I know this is a heavy topic for little ones like Reece, and I knew there was a risk in talking about this stuff with my kids with autism at all (that they might perseverate on it for awhile). But I decided that for us it needs to be one of those topics (like with sexuality), where I keep it as open a topic as possible, to make sure they know they can talk about it with me or my husband at any time.

The next topic involves Reece. The good news is: she has developed self-awareness! The bad news is: she has developed self-awareness! ;)

Self-awareness, like her ability to speak, was one of those things I have been praying earnestly for. I felt like, until she could tell which of behaviors were not in line with her peers, we couldn't really expect her to want to change them. I could give her rules for behavior in certain situations, but that wouldn't address the underlying issues. And I could never come up with enough rules for every situation she could possibly encounter! Our world is MESSIER! That's an RDI acronym for:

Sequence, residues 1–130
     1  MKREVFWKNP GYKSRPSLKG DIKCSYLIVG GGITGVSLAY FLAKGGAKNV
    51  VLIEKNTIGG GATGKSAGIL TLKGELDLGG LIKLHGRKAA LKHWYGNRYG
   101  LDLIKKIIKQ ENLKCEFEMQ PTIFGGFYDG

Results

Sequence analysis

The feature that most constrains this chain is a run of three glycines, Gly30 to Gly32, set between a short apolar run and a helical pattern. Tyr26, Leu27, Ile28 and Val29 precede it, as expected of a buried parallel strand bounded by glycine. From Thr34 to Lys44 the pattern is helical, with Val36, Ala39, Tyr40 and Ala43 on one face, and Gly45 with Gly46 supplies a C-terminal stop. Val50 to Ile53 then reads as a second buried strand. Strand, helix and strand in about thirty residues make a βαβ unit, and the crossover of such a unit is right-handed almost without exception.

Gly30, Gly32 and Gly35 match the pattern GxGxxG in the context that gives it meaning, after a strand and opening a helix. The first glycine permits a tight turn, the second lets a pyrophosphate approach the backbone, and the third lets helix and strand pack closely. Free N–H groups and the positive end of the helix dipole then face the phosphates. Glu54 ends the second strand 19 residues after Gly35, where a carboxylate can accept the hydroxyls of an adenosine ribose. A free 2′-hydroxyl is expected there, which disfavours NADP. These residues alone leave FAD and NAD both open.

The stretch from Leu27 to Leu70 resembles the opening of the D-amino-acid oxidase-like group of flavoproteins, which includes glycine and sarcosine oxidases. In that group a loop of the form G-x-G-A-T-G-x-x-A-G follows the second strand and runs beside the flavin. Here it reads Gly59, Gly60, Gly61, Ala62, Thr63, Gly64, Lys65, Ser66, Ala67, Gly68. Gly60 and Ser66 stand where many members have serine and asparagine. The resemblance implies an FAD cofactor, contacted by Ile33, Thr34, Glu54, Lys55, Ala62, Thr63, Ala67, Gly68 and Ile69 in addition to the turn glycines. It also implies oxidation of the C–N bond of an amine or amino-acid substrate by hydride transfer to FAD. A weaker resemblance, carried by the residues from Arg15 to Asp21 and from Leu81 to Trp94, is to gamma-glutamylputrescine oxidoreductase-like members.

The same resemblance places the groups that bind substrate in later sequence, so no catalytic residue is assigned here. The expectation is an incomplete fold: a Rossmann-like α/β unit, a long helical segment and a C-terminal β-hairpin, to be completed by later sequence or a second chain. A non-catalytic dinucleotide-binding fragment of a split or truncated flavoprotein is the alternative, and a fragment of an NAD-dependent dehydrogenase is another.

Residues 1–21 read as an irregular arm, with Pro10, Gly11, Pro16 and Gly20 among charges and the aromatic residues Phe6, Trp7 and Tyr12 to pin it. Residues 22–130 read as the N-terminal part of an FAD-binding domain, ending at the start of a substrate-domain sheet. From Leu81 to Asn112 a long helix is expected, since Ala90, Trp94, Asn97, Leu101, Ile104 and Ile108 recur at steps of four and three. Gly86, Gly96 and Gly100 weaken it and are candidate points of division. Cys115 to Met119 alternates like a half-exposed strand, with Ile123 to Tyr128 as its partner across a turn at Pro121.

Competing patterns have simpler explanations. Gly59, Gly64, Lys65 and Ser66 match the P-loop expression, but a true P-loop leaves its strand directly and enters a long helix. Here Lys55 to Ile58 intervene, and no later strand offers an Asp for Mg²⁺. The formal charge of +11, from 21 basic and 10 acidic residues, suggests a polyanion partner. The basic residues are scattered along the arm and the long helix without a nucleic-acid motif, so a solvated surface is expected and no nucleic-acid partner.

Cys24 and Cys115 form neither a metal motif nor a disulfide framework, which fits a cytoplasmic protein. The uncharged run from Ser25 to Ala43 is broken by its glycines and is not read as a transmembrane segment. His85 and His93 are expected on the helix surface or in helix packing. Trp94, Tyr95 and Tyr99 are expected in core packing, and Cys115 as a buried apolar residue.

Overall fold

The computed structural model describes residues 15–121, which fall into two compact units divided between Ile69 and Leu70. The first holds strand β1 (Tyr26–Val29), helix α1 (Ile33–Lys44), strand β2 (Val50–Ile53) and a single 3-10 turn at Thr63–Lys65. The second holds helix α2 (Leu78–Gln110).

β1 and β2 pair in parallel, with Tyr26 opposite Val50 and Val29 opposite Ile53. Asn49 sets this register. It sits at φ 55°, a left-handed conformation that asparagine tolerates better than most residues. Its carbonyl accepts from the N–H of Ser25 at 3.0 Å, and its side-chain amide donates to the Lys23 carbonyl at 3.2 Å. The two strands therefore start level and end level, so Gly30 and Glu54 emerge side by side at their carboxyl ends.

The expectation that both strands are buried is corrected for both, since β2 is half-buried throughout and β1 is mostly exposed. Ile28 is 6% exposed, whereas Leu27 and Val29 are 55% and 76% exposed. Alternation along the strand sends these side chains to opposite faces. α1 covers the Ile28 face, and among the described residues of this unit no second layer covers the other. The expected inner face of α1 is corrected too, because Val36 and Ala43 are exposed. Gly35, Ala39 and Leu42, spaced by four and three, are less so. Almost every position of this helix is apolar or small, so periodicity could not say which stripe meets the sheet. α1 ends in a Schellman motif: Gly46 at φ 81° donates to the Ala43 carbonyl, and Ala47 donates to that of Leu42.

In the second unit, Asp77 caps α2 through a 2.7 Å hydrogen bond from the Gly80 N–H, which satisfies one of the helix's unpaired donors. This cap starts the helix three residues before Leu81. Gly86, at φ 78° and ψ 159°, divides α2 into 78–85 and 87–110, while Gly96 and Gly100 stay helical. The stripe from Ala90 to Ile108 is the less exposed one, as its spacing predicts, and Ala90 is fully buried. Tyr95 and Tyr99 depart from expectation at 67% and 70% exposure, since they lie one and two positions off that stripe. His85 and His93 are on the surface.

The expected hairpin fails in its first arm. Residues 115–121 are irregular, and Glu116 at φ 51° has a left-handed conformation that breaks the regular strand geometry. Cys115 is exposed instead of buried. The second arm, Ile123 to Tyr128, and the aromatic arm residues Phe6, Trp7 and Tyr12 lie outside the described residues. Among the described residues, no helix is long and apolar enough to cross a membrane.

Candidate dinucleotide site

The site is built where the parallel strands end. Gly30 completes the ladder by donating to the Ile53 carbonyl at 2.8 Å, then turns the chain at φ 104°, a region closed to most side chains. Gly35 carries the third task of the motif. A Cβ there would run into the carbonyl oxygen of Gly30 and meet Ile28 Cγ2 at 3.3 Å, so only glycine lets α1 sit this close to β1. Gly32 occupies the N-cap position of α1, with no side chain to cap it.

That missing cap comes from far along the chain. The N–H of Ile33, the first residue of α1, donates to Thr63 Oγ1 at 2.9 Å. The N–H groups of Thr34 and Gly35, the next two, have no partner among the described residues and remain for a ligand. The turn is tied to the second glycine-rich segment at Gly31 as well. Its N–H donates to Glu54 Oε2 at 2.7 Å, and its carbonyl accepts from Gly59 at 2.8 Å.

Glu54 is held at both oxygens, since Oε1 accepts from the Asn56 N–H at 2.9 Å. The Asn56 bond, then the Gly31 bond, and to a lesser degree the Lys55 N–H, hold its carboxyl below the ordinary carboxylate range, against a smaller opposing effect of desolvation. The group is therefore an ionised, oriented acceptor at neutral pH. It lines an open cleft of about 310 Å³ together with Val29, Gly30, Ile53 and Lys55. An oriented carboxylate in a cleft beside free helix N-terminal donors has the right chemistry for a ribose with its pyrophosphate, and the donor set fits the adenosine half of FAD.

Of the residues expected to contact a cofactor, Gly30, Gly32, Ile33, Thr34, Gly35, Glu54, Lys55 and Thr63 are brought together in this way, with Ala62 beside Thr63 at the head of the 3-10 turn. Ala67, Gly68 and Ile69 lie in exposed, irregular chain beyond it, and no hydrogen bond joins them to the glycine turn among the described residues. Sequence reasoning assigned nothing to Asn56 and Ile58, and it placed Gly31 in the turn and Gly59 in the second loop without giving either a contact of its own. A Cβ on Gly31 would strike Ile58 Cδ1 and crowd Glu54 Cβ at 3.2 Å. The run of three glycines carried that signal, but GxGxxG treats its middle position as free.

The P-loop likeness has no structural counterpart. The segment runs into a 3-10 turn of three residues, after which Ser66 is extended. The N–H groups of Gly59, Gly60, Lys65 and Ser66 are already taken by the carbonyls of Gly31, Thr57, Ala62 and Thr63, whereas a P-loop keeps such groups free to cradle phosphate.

Multiple (demands, roles, plans)
Ever-changing (problems, conversations – have to make continuous course corrections)
Simultaneous (words, expressions, facial expression, body language, context)
Surprising (the unexpected happens with little warning)
Imperfect (what is good enough – can’t do everything perfect)
Emotional (integrating thoughts and feelings to make decisions)
Relative (context is a factor)

So I'm very pleased that she has finally become aware of herself, but it has brought with it a host of sadness. Where she used to have a meltdown and hyperfocus on the meltdown or the trigger for the meltdown, now she focuses on herself and how she shouldn't have done what she did. She told me last week that "The bad thing about autism is that it makes me cry every day." And she cries about that, too... about the crying. She knows that most people don't cry every day, but that she does. And she realizes that things get so hard for her, or she misunderstands or misinterprets something, and it makes her cry. She has also realized that the reason she doesn't go to sleepovers or birthday parties like her sister is because of the autism-related behaviors (and the crying).